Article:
Help Wanted: Growing Up Gets Harder
Pioneering study reveals society's neglect of young teens at time of greatest need
JUST when 10-to-14-year-olds most need guidance in making the critical transition from childhood to adulthood, they are often given too much autonomy and too little support from adults.
The result is that the nation's 19 million young adolescents, are ''the most neglected, least understood'' segment of American society, researchers say. Without more help from ''pivotal institutions'' - parents, schools, community and health-care groups, and the media - a significant portion of these youths risk becoming ''lifelong casualties'' of drug and alcohol abuse, pregnancy, AIDS, suicide, and violence.
These are some of the conclusions of a seminal study by the Carnegie Council on Adolescent Development released today.
A decade in the making, the report was compiled by a panel of 27 national leaders from diverse fields. It offers broad-based recommendations for change.
''This transition into adolescence is a much more serious, dangerous passage than most of us experienced when we became adolescents,'' says Ruby Takanishi, executive director of the council. ''We tend to forget that they're really still children and not yet adults. They're very vulnerable.''
That vulnerability, Dr. Takanishi says, has been heightened in recent years by dramatic changes in family structure and greater pressure to drink, smoke, use drugs, and have sex. Statistics tell part of the story:
* Two-thirds of eighth-graders say they have tried alcohol. One-fourth say they are current drinkers, and 28 percent say they have been drunk at least once.
* Marijuana use among eighth-graders more than doubled between 1991 and 1994, from 6.2 to 13 percent.
* Girls ages 15 and younger are experiencing the greatest rate of increased births, although the number of births is still not large.
* The suicide rate among young adolescents increased 120 percent from 1980 to 1992.
David Hamburg, president of the Carnegie Corporation in New York, blames some of the widespread neglect of young adolescents on two misconceptions.
First, he says, the growth spurts and mood shifts of puberty contribute to a stereotype that this age group is hard to deal with. Second, even professionals have mistakenly encouraged adults to ''get out of the way'' and let young people chart their own path to independence.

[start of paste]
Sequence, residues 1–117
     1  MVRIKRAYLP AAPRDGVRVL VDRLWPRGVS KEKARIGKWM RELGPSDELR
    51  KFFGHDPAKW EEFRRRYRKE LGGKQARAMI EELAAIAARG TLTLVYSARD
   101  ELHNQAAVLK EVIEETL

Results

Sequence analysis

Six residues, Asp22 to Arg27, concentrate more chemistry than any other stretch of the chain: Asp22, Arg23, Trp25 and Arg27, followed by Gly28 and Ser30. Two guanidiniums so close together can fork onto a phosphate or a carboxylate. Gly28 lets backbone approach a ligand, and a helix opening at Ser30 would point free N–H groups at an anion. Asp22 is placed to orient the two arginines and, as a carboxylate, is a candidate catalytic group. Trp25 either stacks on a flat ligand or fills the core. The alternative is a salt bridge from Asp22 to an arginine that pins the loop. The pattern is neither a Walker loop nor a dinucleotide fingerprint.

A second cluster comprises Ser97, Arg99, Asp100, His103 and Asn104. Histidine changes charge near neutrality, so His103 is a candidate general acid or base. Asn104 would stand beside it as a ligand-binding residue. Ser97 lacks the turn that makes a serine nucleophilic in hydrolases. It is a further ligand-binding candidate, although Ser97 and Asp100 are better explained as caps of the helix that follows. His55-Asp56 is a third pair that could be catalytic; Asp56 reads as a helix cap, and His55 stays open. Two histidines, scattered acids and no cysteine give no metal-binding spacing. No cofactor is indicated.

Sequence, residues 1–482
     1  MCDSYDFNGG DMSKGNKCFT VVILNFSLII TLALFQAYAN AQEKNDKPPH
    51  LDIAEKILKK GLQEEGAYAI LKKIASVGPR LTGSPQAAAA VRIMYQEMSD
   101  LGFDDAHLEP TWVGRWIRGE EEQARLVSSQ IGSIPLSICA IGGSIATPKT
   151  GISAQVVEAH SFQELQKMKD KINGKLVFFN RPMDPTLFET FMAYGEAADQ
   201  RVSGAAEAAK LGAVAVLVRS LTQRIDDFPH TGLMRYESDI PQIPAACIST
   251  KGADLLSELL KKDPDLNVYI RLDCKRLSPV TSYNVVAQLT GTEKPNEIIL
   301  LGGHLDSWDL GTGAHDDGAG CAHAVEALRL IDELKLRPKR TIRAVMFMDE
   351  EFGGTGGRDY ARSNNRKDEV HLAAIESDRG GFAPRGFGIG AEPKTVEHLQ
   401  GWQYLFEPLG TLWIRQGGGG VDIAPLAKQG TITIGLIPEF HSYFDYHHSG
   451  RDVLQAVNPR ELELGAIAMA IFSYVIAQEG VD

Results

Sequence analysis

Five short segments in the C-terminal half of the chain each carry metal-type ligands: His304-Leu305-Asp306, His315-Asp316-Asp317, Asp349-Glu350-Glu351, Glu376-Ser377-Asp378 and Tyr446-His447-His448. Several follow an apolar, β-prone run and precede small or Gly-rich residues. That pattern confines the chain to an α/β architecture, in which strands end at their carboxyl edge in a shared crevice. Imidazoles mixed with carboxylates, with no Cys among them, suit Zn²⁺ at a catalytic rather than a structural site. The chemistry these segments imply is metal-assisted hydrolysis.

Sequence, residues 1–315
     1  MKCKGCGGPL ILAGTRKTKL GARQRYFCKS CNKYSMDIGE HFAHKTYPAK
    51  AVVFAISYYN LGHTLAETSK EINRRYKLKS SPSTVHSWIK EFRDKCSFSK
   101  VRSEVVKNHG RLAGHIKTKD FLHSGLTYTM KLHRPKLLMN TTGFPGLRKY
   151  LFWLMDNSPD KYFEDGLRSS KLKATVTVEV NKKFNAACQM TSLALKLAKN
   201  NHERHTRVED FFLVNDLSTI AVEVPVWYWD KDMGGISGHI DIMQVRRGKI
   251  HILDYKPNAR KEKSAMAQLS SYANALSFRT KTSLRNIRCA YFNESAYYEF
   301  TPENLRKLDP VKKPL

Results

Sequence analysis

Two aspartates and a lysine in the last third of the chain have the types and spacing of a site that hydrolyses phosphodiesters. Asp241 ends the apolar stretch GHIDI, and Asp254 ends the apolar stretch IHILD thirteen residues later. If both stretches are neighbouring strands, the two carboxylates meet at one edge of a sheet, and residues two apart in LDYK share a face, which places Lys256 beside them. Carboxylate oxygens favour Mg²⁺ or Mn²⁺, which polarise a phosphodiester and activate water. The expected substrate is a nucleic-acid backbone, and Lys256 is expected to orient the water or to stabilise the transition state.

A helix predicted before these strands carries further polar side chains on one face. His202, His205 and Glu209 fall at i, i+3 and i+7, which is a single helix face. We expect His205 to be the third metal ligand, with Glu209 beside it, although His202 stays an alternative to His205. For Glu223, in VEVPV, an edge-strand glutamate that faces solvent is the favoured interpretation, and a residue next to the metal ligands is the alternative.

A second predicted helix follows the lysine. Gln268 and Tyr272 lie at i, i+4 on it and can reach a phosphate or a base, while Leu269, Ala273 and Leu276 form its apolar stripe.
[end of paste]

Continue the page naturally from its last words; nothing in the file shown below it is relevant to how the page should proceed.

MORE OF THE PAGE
''That's sort of convenient to believe because it lets adults - teachers, parents, doctors - off the hook in terms of responsibility,'' Dr. Hamburg explains. The revised professional consensus, he says, calls for letting students gradually move toward greater autonomy over several years.
Young adolescents themselves confirm the need for that approach. ''In surveys they say they want more adult and parental and family attention than they're getting,'' says Takanishi, the mother of a 13-year-old.
Beyond family support, Carnegie researchers emphasize the importance of ongoing parental involvement at school. ''Parents who are heavily involved in elementary school tend to drop out later,'' Hamburg says. ''Evidence shows that's bad for their kids' academic achievement and social involvement.''
As one way of improving education for 10- to 14-year-olds, the council recommends that teachers receive specific training for middle school. It also suggests breaking schools into smaller units, such as academic houses or schools within schools.
''It's not difficult to do and it's not expensive,'' Hamburg says. ''The advantage is, it's much easier for each child to have more individual attention and more personal relationships.''
Students also need community support in using after-school hours constructively, the report states. Takanishi cites a Justice Department study showing an upsurge of juvenile crime from 3 p.m. to 6 p.m., when adolescents are typically unsupervised. Other new evidence, she adds, ''strongly documents a clear relationship between involvement in organized activities and reductions in school dropout, drug abuse, crime, and adolescent pregnancies.''
Hamburg also calls for more community-based parent-education and parent-support groups. Noting the popularity of these ''mutual aid societies'' among parents of infants and young children, he laments their scarcity for families with adolescents.
In the business world, the council urges employers to offer policies and practices that support family needs. A corporate refusal to spend advertising dollars on violent or sexual television programs, it adds, would encourage better entertainment for young viewers.
The council acknowledges that greater support for young adolescents will require new expenditures, both public and private. But it argues that wiser use of existing funds will offset some of the increase. Moreover, Hamburg says, ''Preventing the damage now occurring would have a powerful social and economic impact.''
Although early adolescence is more neglected than any other phase of life, he says, ''there's a huge opportunity. While kids are trying things out, we have a good opportunity to shape healthy lifestyles and help them get on a good longer-term course. They're very plastic at this time. They're open to constructive influences.''